The ‘variations on a blame-theme’ is just about the only way in which to sum up the sickeningly defeatist attitude taken by the population at large in respect of the second devastating bomb attack on the Hazara Shia population of Quetta. It has suffered mind-bending loss, for the second time this year. And which, unless sensible, foolproof action is taken, will be far from the last horror to descend on what are, sadly to say, sitting targets for militant extremists, who are, no doubt about it, devilishly sick in the head with - and yes, this is a terrible thing to admit - the rest of the nation not far behind them in the sanity stakes.

To generalise in this manner is, admittedly, wrong as a tiny section of the society did get out ‘there’ and protest this untenable situation. Yet, it is also right to observe that even this ‘tiny section’ had visibly shrunk in size from that which took to the streets in the wake of last month’s equally massive attack on this increasingly vulnerable section of the Pakistani nation. And, no two ways about it, ‘if’, but far more likely ‘when’, the third attack comes, fewer people than ever will take it upon themselves to publicly object. By the fourth attack, perhaps, the number of people actively protesting is liable to be as scarce as hens teeth, which is, quite possibly, exactly what the perpetrators and those supposedly holding positions of ‘authority’, are banking on: repeat something often enough, no matter how horrifically obscene, and it turns into a routine matter of no consequence unless, of course and in this instance, you are unfortunate enough to be Hazara Shia yourself.

This extremely unsavoury statement is fully supported by the content, or lack of it, in current and ongoing discussions surrounding the plight of the Hazara people in Quetta, who, according to some ignorant bigots, are Afghan refugees who should go back to where they came from. When, in point of fact, there has been a permanently settled Hazara community in Quetta since the late 1800s that was way before Pakistan was even thought of. Plus, if one wants to look at it from an immigrant point of view, or play the ‘refugee’ angle as a surprising number of people are doing, then yes, the Hazara population in Pakistan, not all are in Quetta, did expand after the Soviet invasion of Afghanistan in 1979. But, by the same measure, then any one whose family migrated here at or since partition, should also go back to wherever it is they came from. Especially if they happen to be Shia, before they too are targeted by militant extremists brainwashed and funded by their overlords, who are intent of forcing this ‘foreign’ brand of Islam on the country and its inhabitants as a whole - along with neighbouring Afghanistan.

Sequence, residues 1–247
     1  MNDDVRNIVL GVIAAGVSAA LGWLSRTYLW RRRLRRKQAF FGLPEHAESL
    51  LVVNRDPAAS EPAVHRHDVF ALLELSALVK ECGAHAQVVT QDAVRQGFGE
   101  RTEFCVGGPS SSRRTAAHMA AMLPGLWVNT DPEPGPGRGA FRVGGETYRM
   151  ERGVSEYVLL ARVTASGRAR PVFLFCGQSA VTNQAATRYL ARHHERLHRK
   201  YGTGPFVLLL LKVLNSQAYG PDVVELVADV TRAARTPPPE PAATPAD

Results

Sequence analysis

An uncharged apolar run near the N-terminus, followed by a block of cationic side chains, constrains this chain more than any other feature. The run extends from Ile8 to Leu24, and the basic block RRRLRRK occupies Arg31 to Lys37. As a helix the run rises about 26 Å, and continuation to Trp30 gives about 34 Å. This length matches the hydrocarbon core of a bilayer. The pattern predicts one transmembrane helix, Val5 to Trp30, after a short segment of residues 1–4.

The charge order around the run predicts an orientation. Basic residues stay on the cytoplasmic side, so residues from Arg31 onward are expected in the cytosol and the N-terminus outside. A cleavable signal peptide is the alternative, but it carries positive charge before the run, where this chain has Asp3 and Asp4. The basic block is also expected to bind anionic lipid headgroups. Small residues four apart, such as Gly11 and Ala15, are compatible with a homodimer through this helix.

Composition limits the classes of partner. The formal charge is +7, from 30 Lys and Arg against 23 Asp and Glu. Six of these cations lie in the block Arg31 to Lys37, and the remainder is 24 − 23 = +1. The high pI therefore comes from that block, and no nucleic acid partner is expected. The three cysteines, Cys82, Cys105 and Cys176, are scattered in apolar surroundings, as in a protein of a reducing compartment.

Suggestions that all Hazara Shia’s be immediately transferred from Balochistan to special enclaves, perhaps in already volatile Karachi, in which they could be protected around the clock are, to put it lightly, ridiculous in the extreme. Since, from any humanitarian point of view, it is wrong to confine, in what sound like the Jewish-style ghettoes of World War II, any segment of any population in a supposedly ‘free country’ in such a restrictive manner and where, in such ‘prison-camps’ they could so very easily be exterminated at will.

Add to this that the banned outfit Lashkar-i-Jhangvi, which has claimed, proudly, responsibility for the Quetta carnage, is desirous of wiping all Shia’s off the face of the earth, then one can only presume that those in favour of Sunni/Shia segregation are not Shia themselves. Otherwise, the thought of locking up one-fifth of the total population of the country, this would be somewhere around 32-34 million people, would be seen as the sheer lunacy it is.

The Hazara population of Quetta is being targeted simply because, due to their distinctive racial characteristics and the fact that they do, already, largely live in their own enclaves, they are so easily identifiable. But many other Shia’s, irrespective of their origin, are not very difficult to identify either by anyone who really puts their twisted mind to it. All that anti-Shia elements need do is monitor Shia places of worship or take note of name usage, some names are predominantly Shia, and, as is happening, slowly but surely, from one end of the country to the other, pick their targets at will.

It must be pointed out that the number of virulent anti-Shia Sunni’s is - so far at least - very, very small, but their capacity for murder and mayhem is obviously without a doubt. And this, in a country when the current President is Shia himself, is - or most surely should be - a major cause for governmental concern and yet, as with the majority of the population be they Shia or Sunni or any other denomination, it appears that they are at a complete loss as how to deal with the situation in a permanent and lasting manner and that they have, for known or unknown reasons, already conceded defeat, thus giving full permission for an unholy descent into bloody chaos.

­n    The writer is author of The Gun Tree: One Woman’s War (Oxford University Press, 2001) and lives in Bhurban. Email: